6. Heat Gun For Paint Drying

It can take a long time for paint to dry and cure, and if you don’t have the patience for it, or need to work on the walls without messing up the paintwork, it can get frustrating. Luckily for you, a heat gun could come in handy in a situation such as this. Put the heat gun in its low heat setting and begin heating the paint for it to dry faster.

 Not just walls, any kinds of paint drying can be done with a heat gun. And if the paint is near any kind of glass then do make sure to use a glass protector nozzle. Also note that you should not heat the paint too much and with too high a temperature, otherwise instead of drying, some of the paint might start stripping off.


7. Heat Gun For Shrink Tubing

Shrink tubing is just like shrink wrapping, only instead of shrinking wrappings around boxes you shrink insulation, shaped like tubes, around wires. With an electric heat gun equipped, shrink tubing is as easy as shrink wrapping.

When shrink wrapping be careful not to melt the wires in it. To avoid doing that set the heat gun temperature suitably. A temperature below 300 degrees Fahrenheit would be sufficient for the work. You should obviously check the shrink tubing box to see what temperature is recommended, usually a minimum temperate is stated on it.

8. Heat Gun For Welding

You can also use a heat gun to do welding. Home users can purchase an affordable DIY heat gun for their repair work. But more likely welding may be used for construction processes, and many professionals use industrial heat guns for this.

Welding comes in very handy during repairs. A temperature setting of 500 degrees Fahrenheit is usually enough to get the job done. When buying a heat gun for welding, do make sure that your heat gun can reach this desired temperature. You might also consider getting heat gun nozzles that are specially designed for welding, this would make the job much more smooth.

Heat Gun Crafts

9. Drying Damp Wood

One of the super useful heat gun crafts is for drying wood that is damp or wet. For whatever reason, you may require the wood to be dried as fast possible. Heat guns come very handy in this sort of situations. You would however want it in a low temperature setting so as to not burn up the wood.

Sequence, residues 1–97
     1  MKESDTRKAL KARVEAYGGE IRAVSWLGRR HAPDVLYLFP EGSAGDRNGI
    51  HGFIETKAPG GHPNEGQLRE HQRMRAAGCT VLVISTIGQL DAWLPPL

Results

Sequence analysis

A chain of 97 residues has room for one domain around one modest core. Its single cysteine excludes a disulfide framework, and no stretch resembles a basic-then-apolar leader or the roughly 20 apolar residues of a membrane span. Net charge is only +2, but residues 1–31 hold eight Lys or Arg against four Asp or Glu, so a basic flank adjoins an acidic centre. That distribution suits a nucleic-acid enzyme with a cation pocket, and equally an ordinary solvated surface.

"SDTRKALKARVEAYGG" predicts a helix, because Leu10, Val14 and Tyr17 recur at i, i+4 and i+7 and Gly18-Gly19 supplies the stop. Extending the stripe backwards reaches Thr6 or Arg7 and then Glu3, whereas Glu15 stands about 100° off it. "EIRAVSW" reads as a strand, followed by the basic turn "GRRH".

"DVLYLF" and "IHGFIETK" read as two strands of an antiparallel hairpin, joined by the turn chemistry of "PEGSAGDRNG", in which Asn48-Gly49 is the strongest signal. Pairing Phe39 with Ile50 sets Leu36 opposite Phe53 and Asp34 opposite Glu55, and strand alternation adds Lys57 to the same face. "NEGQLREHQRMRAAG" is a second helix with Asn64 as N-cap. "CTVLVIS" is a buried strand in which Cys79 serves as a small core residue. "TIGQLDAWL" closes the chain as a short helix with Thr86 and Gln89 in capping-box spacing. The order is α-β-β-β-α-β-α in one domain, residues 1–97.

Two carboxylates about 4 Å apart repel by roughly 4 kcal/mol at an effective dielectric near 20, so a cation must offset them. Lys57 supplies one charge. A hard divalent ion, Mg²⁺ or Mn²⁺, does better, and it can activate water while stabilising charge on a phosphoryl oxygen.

Also a very useful tidbit- if you are drying wood that is fitted with glass, such as a window or a table, you may want to use a special type of heat gun nozzle. Glass protector nozzles are a type of heat gun nozzle which does the job its name suggests. For heating wood without damaging the glass, a glass protector nozzle comes in very handy, but you would often need to buy this attachment separately from the heat gun because not many heat guns come packaged with specialized heat gun nozzles.

10. Heat Gun For PVC Pipe Bending

Ever felt like bending plastics for no reason? No? Okay, maybe it’s only me. But there are plenty of good reasons to want to bend plastics, or metals. Maybe you are doing a DIY craft at your home, or you want to change the shape of your sports equipment. With a heat gun you can easily bend the heated plastics or metal.

Many people use a heat gun for crafts because of this capability. DIY people who are home users can purchase a cheap heat gun to complete their little projects, however more expensive high end professional heat guns may be required for more heavy duty work.

Here’s a short video on using a heat gun to bend PVC pipes.


So that was the list. Now after reading the article you can name a lot of heat gun uses. As you can tell from reading this, there are surely way more possible uses of heat gun. These ten are just the tip of the iceberg- well, maybe I’m exaggerating a little bit. But really, there are more heat gun hacks than the ones just mentioned here.

If you are curious to know more, why not start using heat gun and figure out more yourself? It’s useful and maybe you can come up with heat gun hacks no one else has even thought of? It’s all about being innovative and creative, but be smart and careful of course- don’t try drying your hair with a heat gun or anything silly like that. Good luck with your DIY or home improvement works, hopefully you’ll be a master of heat gun art within a few days.